By Roger Pountain, Senior Information Analyst, Collins Geo

24 Sep 2008

I Want Your Job: Cartographer

Our very own Iain MacDonald was included in the Independent Newspaper ‘I Want your Job’ series.

"It's great when the atlases come out – seeing your revisions is very satisfying."

See his answers to questions such as:
What do you actually do?
What's the best thing about it?
What skills do you need to do the job well?

Independent 18 Sep 08 article

23 Sep 2008

Collins GEO at the Scottish Learning Festival

Collins GEO will be present at the Scottish Learning Festival this week. We will be exhibiting our full range of educational atlases and demonstrating our latest electronic flipcharts, developed with Promethean, a global leader and innovator of interactive learning solutions, for use on whiteboards. Visit us at stand J38.

Run by Learning and Teaching Scotland, the Scottish Learning Festival (SLF) 2008 takes place on 24 and 25 September at the SECC and Clyde Auditorium in Glasgow. It is the largest annual conference and exhibition on the Scottish education calendar with 200 exhibitors, keynote addesses, seminars, Topic Surgeries, Learning in Practice area and the Scottish Education Village.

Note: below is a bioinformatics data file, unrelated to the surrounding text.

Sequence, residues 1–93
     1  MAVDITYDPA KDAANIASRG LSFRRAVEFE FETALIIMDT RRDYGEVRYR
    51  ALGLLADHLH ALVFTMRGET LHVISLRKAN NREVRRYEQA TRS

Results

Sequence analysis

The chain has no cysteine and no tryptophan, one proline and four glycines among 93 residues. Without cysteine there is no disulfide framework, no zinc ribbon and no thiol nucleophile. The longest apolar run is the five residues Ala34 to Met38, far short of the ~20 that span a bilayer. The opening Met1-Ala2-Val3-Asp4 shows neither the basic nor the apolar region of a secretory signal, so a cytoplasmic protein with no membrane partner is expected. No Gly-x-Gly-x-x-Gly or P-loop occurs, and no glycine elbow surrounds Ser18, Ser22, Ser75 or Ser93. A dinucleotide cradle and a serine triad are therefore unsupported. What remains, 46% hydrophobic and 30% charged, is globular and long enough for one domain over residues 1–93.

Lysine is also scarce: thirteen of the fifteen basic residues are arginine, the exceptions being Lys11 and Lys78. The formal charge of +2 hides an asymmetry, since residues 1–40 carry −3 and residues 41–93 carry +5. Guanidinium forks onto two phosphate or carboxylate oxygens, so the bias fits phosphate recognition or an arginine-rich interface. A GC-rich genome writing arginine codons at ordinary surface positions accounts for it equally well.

15 Sep 2008

Times Universal Atlas in the Sunday Mail

‘Dramatic transformation of our planet laid bare in Atlas’

The 14 September edition of the Sunday Mail, illustrates how our new Times Universal Atlas shows the world’s changing landscapes, and highlights the effects of climate change.

Online version of the article from the Sunday Mail

Times Universal details at timesatlases.com

11 Sep 2008

Geo Commendations at BCS Awards 2008

Collins Geo received two commendations at The British Cartographic Society Awards, at their Annual Symposium in Newport Pagnell. In the Stanfords Award for Printed Mapping category we were highly commended for the 2009 Collins Fold Out Atlas Britain and commended for the Times Comprehensive Atlas of the World (12th edition).

12th Times Comprehensive Atlas of the World details

Collins 2009 Road Atlas of Britain Range website

Photos of Graham Gill receiving the award certificates

See BCS Press Release - Awards 2008 and more details about the winners, and photographs from the evening at the BCS Awards website.

10 Sep 2008

The Secret of Map Design …

A recent CARTO-SoC email details Nick Tasker’s light hearted definition of map design, as presented at the SoC summer school.

Map Design can be summed up in one word, "CARTOGRAPHY"

The capital "C" stands for compromise, for after all every map is a compromise.

That leaves 10 letters; each letter represents 10% of the total.

Next comes "ART", 30%.

Don't forget the "O" which stands for opportunity, a good 10% of every map is opportunity.

After that comes the science, "GRAPH", 50%.

And lastly never forget the "Y" (why?), 10% for the "why is it required/who you are doing it for/the user need etc".

Just a bit of fun, but hopefully some serious undercurrents that we should all bear in mind when designing maps!!

Nick Tasker, Commercial Communications Manager, UK Hydrographic Office

Distributed by CARTO-SoC, the Society of Cartographers Mailing List.
For more details about this List and the Society, visit their web site: http://www.soc.org.uk/